What I am Listening to: Video game music, it makes you more productive!
What I am Reading: The Long Ships by Frans G. Bengtsson; I joined an “under 40 book club.” Not loving the book, tbh, but we meet at a taphouse so that’s cool.
What I am Watching: Finally finishing up Scandal!
What I’m Excited About: My upcoming Chicago to Portland road trip to pick up our newest family member, a sweet English Mastiff puppy named Remy. We’ll pass through Kansas City, Denver, and Boise before landing at home Portland.
Slide into my DMs for a breakfast date and snuggle a cute puppy! We will be road tripping Friday 4/13-Monday 4/16.
Summer is nearly upon us which means for park and recreation professionals: it’s time to market the pants off summer camps, programs, and events. Judging from my interactions with other park and recreation professionals, we can be a little uneasy about marketing. The thing is, for many years (in my own agency at least) our programs have marketed themselves. It feels weird to spend resources on advertising and many parks departments are still leery of social media. At my park district we snail mailed our program guide to homes in the community (we still do!) and sat back and waited for the programs to fill. And fill they did, but it’s different now. We’re competing with private dance studios, indoor soccer facilities, and giant trampoline parks among many other program offerings in the area. Besides competing for our resident’s recreational dollars, we’re competing for their attention. There are so many channels to interact with potential program participants the whole marketing business can be overwhelming…
To make marketing less overwhelming (maybe just “whelming?”) here is a step by step guide to develop content marketing for your upcoming summer programs.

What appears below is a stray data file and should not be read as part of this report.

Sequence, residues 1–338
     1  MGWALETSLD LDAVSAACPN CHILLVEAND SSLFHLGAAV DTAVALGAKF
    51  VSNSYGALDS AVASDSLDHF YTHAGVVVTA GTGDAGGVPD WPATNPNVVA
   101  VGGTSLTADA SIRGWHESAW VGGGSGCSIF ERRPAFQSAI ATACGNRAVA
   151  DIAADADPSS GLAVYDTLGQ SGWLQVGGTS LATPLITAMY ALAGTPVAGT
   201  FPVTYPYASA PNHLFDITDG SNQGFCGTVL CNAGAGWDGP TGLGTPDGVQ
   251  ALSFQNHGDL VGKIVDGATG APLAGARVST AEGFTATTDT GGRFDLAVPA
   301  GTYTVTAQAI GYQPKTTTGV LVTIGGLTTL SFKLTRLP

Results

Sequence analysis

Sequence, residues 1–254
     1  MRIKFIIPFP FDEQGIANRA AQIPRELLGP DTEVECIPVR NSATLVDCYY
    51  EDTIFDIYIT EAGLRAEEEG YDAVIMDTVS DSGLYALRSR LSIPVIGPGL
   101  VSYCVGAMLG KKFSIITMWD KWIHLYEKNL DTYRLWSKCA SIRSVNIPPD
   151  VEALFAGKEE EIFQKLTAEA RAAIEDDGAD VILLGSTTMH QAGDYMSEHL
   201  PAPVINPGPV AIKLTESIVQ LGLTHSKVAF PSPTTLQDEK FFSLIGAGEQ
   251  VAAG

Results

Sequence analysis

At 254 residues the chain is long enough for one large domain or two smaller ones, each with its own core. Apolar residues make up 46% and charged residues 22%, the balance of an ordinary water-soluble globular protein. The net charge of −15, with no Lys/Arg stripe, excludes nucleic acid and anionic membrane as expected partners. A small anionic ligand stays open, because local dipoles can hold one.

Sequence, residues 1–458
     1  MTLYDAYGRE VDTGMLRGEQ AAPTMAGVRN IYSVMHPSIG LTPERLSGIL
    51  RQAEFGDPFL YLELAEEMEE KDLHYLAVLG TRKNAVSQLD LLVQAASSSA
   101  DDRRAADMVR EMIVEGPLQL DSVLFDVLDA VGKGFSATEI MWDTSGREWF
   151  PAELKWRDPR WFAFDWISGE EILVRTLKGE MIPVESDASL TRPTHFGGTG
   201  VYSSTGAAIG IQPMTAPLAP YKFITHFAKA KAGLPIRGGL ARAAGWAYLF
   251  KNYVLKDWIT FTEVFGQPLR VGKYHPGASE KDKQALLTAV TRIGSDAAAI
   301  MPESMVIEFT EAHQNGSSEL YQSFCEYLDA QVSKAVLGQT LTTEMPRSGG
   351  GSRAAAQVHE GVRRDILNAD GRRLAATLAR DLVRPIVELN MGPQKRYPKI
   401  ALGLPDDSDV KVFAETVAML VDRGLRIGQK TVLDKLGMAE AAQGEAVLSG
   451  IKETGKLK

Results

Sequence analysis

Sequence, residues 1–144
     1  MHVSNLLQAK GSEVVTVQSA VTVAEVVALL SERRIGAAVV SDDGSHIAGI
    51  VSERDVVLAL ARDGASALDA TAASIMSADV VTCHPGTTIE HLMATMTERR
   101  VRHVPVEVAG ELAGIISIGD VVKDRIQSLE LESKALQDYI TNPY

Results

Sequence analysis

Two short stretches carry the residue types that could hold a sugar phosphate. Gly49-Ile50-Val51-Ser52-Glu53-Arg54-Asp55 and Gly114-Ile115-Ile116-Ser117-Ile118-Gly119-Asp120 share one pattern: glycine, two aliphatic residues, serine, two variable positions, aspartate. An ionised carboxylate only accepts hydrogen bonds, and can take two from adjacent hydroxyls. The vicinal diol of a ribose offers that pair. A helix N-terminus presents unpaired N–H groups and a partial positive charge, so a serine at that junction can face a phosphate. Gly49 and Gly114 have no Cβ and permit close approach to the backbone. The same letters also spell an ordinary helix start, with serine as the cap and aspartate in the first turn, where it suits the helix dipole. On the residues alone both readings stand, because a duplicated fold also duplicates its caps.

First things first, your parks department needs to have a brand and know which brand archetypes will respond to your brand. You can figure this out by spending a ton of money on consultants or you can do it the quick and dirty way by thinking critically about the services you offer and matching them up to a handful of brand archetypes. To be even quicker and dirtier, here they are! Your park and recreation department is likely some combination of “the regular guy/gal,” “the caregiver,” and “the explorer.” The regular guy/gal is down to earth, supportive, and can be thought of as the person next door. Does this sound like the people who go to your community center or check out your summer events? The caregiver is nurturing and maternal. Does this sound like the parents of the kids in your summer camps? The explorer is adventurous and independent. Does this sound like the people who hike your trails? Boom. Those are your archetypes.
Next, develop your goals are as a parks department. Your goals might be high attendance at summer events. Or they might be to get enough participants in a new archery camp. Or maybe to get #MWords to attend an upcoming “Birds and Brews” event on your local trail system! Whatever your goals are make sure they’re clear and attainable and related specifically to your programs.